Burt Reynolds set an example for how to be, and how not to be, a movie star
Burt Reynolds was a great example. Of how big a movie star could be, of how a movie star should not manage his career, and of what that star ought to do with himself after all of that.
For us young men coming of age in the anything-goes (but still mighty confusing) 1970s, Reynolds, who died Thursday at the age of 82, was also an example of a masculinity that most of us would never reach, but could learn from. Sure, he was that Sexiest Man Alive, actress-dating, naked on a bear rug in women’s magazines kind of macho ideal. He was one of Johnny Carson’s favorite guests – the pinnacle of pop culture status at the time – ever hilarious and sneakily subversive in his willingness to try anything outrageous, something our anti-establishment generation also appreciated.
But along with his abundant good ol’ boy swagger, there was an often self-deprecating wit and flashes of vulnerable self-doubt that he had the confidence not to hide. He had all the celebrity charm you could ask for, but it never entirely covered up his true, sometimes darker, humanity.
That last bit was relatively rare for American stars of his caliber back then. And he was among the hugest – the top box-office draw for five years in the late 1970s and early ‘80s (Bing Crosby had a comparable run in the ‘40s). The 1977 “Smokey and the Bandit” was the movie that really launched the phenomenon, but Reynolds had proven himself a capable and iconic big screen presence well before that. There was “Deliverance’s” (1972) virile urban Southerner confronted with his limitations and sexual fears in the wilderness, and he gave a perfectly judged comic performance as, well, the sperm boss in Woody Allen’s “Everything You Always Wanted to Know About Sex * But Were Afraid to Ask” that same year. Then there was 1974’s “The Longest Yard” and ’77’s “Semi-Tough,” still two of the most memorable football films ever made (Reynolds had been a halfback at Florida State before injuries pointed him toward acting); and “White Lightning” (’73) and its sequel “Gator” (’76, and Reynolds’ feature directing debut), the prototypes for his fast-driving Dixie charmer success machine.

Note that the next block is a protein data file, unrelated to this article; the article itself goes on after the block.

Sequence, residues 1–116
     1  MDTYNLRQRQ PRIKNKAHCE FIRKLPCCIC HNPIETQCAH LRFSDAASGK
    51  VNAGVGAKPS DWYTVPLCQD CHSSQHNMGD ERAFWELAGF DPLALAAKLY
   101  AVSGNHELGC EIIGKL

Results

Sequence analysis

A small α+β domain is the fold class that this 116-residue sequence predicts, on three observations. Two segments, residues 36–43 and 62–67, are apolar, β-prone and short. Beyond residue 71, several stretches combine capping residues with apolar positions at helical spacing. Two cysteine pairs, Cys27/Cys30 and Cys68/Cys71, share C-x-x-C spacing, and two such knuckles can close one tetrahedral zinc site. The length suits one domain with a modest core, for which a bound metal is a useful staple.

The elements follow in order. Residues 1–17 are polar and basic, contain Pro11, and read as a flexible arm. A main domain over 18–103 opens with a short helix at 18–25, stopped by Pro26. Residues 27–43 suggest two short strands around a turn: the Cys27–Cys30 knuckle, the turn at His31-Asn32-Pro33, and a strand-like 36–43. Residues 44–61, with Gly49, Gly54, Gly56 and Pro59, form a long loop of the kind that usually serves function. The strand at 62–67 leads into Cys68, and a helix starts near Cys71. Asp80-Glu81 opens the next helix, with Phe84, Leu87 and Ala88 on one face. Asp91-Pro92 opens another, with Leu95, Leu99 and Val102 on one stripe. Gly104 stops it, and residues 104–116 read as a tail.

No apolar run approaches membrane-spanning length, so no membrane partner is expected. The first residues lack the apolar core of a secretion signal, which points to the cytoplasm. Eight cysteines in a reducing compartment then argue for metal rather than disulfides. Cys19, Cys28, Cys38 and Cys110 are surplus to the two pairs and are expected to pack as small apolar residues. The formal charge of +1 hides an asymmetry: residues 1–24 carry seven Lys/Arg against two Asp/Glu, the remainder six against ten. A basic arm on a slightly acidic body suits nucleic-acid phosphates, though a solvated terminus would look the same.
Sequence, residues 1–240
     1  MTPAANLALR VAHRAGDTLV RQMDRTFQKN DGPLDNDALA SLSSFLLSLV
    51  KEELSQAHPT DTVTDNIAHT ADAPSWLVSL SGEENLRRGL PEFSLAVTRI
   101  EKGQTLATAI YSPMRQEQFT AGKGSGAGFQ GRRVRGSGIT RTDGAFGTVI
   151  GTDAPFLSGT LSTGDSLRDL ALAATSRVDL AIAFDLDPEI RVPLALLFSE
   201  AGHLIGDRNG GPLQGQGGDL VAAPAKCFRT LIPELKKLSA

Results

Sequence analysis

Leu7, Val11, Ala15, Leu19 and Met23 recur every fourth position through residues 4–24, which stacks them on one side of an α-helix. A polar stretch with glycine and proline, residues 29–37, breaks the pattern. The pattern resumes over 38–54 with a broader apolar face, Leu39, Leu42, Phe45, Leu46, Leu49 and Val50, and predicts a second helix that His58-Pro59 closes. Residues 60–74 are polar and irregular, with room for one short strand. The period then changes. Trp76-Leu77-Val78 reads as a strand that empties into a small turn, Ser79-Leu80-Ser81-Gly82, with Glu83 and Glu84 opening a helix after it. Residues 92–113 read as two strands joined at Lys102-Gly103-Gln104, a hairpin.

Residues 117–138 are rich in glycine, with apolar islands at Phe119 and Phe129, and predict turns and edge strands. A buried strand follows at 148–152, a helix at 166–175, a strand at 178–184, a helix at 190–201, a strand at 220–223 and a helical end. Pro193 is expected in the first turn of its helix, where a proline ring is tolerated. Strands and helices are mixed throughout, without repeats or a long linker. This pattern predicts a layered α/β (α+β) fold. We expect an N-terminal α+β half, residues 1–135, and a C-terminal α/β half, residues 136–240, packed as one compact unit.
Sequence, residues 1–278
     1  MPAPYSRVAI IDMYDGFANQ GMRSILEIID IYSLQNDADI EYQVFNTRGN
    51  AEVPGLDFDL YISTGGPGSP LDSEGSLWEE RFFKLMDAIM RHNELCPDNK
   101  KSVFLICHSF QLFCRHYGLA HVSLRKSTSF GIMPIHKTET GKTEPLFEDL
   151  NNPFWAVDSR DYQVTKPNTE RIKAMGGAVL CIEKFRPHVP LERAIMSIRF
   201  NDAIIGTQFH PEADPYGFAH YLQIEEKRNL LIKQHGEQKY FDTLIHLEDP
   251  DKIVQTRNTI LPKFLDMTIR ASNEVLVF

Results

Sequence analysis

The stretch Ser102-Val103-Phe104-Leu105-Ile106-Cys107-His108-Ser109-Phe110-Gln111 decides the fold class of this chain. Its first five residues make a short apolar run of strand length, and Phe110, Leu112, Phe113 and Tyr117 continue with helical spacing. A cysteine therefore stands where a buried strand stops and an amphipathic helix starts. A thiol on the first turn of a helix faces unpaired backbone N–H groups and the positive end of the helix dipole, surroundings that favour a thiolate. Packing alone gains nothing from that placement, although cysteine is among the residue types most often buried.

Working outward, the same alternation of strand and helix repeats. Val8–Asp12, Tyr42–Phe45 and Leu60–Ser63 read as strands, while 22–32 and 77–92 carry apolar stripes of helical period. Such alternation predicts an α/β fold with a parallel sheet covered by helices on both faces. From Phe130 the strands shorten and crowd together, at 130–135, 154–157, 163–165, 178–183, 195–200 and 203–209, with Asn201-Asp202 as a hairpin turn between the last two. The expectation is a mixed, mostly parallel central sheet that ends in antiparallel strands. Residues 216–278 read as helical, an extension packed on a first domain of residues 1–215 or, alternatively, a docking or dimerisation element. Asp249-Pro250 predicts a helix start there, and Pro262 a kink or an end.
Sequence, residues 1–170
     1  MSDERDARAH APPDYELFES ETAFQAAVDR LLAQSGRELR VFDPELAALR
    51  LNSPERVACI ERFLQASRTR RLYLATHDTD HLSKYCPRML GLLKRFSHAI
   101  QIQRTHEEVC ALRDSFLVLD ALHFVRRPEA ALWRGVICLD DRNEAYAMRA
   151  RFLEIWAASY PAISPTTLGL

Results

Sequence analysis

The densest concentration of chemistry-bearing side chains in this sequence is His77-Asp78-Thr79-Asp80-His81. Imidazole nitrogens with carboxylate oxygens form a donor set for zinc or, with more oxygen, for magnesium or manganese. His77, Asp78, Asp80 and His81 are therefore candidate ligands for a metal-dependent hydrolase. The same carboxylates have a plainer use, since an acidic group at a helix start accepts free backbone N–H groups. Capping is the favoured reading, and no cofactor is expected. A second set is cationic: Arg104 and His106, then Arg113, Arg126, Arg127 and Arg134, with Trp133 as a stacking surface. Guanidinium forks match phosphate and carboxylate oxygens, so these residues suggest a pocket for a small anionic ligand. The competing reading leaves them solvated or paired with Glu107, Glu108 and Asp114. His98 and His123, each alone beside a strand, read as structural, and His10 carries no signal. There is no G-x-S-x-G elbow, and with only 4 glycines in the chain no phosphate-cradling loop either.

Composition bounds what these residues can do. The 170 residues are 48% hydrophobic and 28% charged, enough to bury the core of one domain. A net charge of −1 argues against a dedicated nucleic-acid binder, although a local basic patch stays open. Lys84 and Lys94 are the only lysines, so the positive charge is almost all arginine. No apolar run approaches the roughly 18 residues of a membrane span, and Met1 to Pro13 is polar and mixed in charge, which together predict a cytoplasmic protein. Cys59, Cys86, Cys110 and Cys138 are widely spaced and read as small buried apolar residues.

While that easy-to-sell persona proved itself through a load of “Smokey” sequels, “Cannonball Runs” and others, they – along with a string of blah crime thrillers and spark-challenged romantic comedies – gave both his fans and critics (who were never high on the good ol’ boy stuff to begin with) the impression that the actor was just coasting by the mid-‘80s. His box-office record consequently tanked as it too often appeared he was merely challenging audiences to watch him do what he’d done better before. It was one of the most precipitous falls in Hollywood history.
But Reynolds kept working, and impressively when he wanted to. He triumphantly returned to television – where his career had been formed by regular roles on “Riverboat,” “Gunsmoke,” “Hawk” and “Dan August” – in 1990 with his Emmy-winning turn on the sitcom “Evening Shade.” And in 1997, he registered what is generally agreed to be his greatest movie role (and only Oscar-nominated one): Jack Horner, the smooth, delusional, ultimately oddly moral Porn Valley Papa in Paul Thomas Anderson’s brilliant “Boogie Nights.”
Legend has it Reynolds got the role after Warren Beatty gave Anderson too long of a runaround, and that Reynolds and Anderson clashed repeatedly, even physically once, during production. But while he displayed a cantankerous antipathy to “Boogie Nights” for pretty much the rest of his career, Reynolds slipped into Horner so persuasively that the character is unimaginable without him. The movie was also about the slippery slope of stardom and the end of the hedonistic ‘70s, and you could perceive Reynolds’ yearning for his glory days in most of his performance.
“Boogie Nights” did not reopen the doors to movie success that the actor’s achievement in it should have (maybe Quentin Tarantino’s currently in-production “Once Upon a Time in Hollywood” would have done the trick, but it’s been reported that Reynolds had not yet filmed his role before his death). Nonetheless, he kept doing TV episodes and making films you never heard of for two more decades. Reynolds’ priorities seemed to be elsewhere anyway. The onetime king of Hollywood relocated to the state of his youth, Florida, where he relished directing plays and teaching and advising young actors at his Burt Reynolds Dinner Theatre in the little town of Jupiter.
Now that was something pretty unique for a movie star to do, and I don’t think you could call it anything but a loving example of how to give back.
Of course, there were unpleasant divorces and money troubles and health problems and subsequent prescription drug problems all along the downward path. But he kept plugging along, showing all of us that we still can.
In March I had the pleasure of attending a special screening of “The Last Movie Star” at the Egyptian Theatre in Hollywood. Not a great movie, but a fabulous valedictory work for Burt, who played a down-on-his-heels former star in all of his cranky glory. The role was obviously inspired by and written for Reynolds, and his performance is a poignant and, yes, self-deprecating tour de force, undoubtedly the actor’s best work since “Boogie.”
Afterward, a physically frail but sharp as the old “Tonight Show” Reynolds dominated a panel discussion with all his humor, charm and self-aware regret. He could not walk without assistance, but otherwise it was the ‘70s all over again.
He taught us a whole bunch more things that night about how to be a man.